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Kincaid's Battery By George Washington Cable Characters: 7938

Updated: 2017-11-30 00:03

Hilary had bent an arm around Anna when Flora called his name. Irby handed him the order. A glance made it clear. Its reader cast a wide look over the heads of the dancers and lifting the missive high beckoned with it to Mandeville. Then he looked for some one else: "Charlie!"

"Out on the veranda," said a passing dancer.

"Send him here!" The commander's eye came back to Irby: "Old man, how long have you had this?"

"About an hour."

"Oh, my stars, Adolphe, you should have told me!"

It was a fair sight, though maddening to Flora yonder by the glass case, to see the two cousins standing eye to eye, Hilary's brow dark with splendid concern while without a glance at Anna he passed her the despatch and she read it.

"Steve," he said, as the Mandeville pair pressed up, "look at that! boots-and-saddles! now! to-night! for you and Adolphe and me! Yes, Charlie, and you; go, get your things and put Jerry on the train with mine."

The boy's partner was Victorine. Before she could gasp he had kissed her. Amid a laugh that stopped half the dance he waved one farewell to sister, grandmother and all and sprang away. "Dance on, fellows," called Hilary, "this means only that I'm going with you." The lads cheered and the dance revived.

Their captain turned: "Miss Flora, I promised your brother he should go whenever--"

"But me al-so you promised!" she interrupted, and a fair sight also, grievous to Irby, startling to Anna, were this pair, standing eye to eye.

"Yes," replied Kincaid, "and I'll keep my word. In any extremity you shall come to him."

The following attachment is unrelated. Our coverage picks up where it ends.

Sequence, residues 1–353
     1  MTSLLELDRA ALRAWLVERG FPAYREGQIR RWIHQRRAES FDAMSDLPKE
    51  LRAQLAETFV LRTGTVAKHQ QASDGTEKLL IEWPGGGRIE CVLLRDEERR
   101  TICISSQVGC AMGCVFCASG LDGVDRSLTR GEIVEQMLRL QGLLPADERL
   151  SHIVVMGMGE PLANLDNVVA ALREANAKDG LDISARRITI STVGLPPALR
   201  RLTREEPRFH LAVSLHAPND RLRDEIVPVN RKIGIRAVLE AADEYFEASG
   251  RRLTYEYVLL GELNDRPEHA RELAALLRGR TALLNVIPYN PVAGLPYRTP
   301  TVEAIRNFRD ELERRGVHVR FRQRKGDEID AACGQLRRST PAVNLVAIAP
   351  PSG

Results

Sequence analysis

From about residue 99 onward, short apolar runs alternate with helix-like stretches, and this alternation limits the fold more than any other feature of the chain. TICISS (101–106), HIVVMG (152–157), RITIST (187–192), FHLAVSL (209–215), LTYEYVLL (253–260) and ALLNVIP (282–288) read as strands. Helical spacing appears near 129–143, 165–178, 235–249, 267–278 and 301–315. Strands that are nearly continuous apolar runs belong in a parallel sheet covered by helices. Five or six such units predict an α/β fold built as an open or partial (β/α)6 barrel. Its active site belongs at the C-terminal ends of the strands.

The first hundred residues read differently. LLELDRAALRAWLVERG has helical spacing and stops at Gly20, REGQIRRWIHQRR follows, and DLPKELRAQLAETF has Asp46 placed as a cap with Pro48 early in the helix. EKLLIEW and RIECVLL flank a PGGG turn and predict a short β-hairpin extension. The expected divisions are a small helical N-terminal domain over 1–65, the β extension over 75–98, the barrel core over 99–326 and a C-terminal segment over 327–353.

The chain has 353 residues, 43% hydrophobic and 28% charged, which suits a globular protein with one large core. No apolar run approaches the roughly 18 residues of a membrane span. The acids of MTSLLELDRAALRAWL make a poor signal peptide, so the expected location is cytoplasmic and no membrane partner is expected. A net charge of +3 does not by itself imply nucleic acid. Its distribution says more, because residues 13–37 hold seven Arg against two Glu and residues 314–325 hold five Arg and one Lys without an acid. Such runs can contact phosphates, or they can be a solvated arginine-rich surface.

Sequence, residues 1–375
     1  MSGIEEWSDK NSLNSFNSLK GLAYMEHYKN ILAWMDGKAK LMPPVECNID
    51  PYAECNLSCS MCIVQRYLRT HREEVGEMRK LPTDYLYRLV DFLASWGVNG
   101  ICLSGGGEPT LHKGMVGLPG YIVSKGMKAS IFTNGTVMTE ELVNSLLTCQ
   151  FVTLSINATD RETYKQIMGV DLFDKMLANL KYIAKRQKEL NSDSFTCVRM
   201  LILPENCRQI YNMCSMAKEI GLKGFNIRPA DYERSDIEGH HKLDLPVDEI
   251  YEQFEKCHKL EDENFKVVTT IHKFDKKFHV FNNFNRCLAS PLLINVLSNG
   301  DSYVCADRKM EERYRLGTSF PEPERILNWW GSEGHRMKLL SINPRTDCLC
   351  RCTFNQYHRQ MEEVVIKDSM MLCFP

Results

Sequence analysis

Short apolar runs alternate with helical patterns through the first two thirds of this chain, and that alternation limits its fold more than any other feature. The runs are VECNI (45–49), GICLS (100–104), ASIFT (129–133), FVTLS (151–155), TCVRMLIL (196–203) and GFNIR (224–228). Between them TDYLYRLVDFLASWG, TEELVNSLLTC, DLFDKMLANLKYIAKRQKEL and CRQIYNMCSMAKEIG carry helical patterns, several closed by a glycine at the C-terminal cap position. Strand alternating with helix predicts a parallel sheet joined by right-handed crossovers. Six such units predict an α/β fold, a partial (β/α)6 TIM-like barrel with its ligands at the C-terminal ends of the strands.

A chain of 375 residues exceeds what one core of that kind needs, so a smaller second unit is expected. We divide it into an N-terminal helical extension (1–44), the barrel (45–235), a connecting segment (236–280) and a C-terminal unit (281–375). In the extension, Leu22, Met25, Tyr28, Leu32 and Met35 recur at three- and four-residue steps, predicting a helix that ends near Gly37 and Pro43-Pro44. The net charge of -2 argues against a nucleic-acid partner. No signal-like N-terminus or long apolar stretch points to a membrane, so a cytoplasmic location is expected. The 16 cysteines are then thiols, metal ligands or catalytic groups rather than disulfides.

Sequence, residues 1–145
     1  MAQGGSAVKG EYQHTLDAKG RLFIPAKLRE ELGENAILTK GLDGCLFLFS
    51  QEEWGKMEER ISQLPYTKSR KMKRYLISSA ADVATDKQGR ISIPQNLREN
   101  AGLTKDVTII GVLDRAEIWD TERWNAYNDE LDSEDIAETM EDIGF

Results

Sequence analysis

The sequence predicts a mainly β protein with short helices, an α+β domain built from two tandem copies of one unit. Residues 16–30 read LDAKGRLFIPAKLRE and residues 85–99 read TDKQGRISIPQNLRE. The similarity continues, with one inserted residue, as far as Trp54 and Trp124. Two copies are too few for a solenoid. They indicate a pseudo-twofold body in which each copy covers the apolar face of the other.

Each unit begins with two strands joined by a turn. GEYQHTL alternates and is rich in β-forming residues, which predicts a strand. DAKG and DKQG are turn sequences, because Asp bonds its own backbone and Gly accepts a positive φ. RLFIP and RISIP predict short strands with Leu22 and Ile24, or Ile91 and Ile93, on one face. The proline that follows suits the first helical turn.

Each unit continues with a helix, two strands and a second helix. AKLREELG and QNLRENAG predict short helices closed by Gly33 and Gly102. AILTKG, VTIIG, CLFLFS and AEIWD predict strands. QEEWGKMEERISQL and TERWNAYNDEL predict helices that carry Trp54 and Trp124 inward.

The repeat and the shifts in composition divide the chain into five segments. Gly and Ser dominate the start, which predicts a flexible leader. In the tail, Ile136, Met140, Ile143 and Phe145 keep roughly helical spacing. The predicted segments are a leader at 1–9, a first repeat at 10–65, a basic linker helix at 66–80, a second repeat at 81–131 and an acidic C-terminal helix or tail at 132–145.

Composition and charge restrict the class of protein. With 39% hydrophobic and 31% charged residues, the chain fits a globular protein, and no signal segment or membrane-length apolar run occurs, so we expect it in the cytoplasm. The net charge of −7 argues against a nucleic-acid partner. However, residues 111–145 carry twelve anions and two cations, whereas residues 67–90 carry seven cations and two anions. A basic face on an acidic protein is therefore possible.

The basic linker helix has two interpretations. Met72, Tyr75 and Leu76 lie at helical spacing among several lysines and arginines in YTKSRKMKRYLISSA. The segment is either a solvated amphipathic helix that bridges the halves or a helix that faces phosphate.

"As likewise my wive to me!" said the swelling Mandeville, openly caressing the tearful Constance. "Wive to 'usband," he declaimed, "sizter to brother--" But his audience was lost. Hilary was speaking softly to Anna. She was very pale. The throng drew away. You could see that he was asking if she only could in no extremity come to him. His words were inaudible, but any one who had ever loved could read them. And now evidently he proposed something. There was ardor in his eye--ardor and enterprise. She murmured a response. He snatched out his watch.

"Just time," he was heard to say, "time enough by soldier's measure!" His speech grew plainer: "The law's right for me to call and for you to come, that's all we want. What frightens you?"

"Nothing," she said, and smiled. "I only feared there wasn't time."

The lover faced his cousin so abruptly that all started and laughed, while Anna turned to her kindred, as red as a rose. "Adolphe," cried he, "I'm going for my marriage license. While I'm getting it, will you--?"

Irby went redder than Anna. "You can't get it at this hour!" he said. His eyes sought Flora, but she was hurriedly conferring with her grandmother.

Hilary laughed: "You'll see. I fixed all that a week ago. Will you get the minister?"

"Why, Hilary, this is--"

"Yass!" piped Madame, "he'll obtain him!"

The plaudits of the dancers, who once more had stopped, were loud. Flora's glance went over to Irby, and he said, "Why, yes, Hilary, if you--why, of course I will." There was more applause.

"Steve," said Hilary, "some one must go with me to the clerk's office to--"

"To vouch you!" broke in the aide-de-camp. "That will be Steve Mandeville!" Constance sublimely approved. As the three Callenders moved to leave the room one way and the three captains another, Anna seized the hands of Flora and her grandmother.

"You'll keep the dance going?" she solicited, and they said they would. Flora gave her a glowing embrace, and as Irby strode by murmured to him.

"Put your watch back half an hour."

In such disordered days social liberty was large. When the detective, after the Callenders were gone up-stairs and the captains had galloped away, truthfully told Miss Valcour that his only object in tarrying here was to see the love-knot tied, she heard him affably, though inwardly in flames of yearning to see him depart. She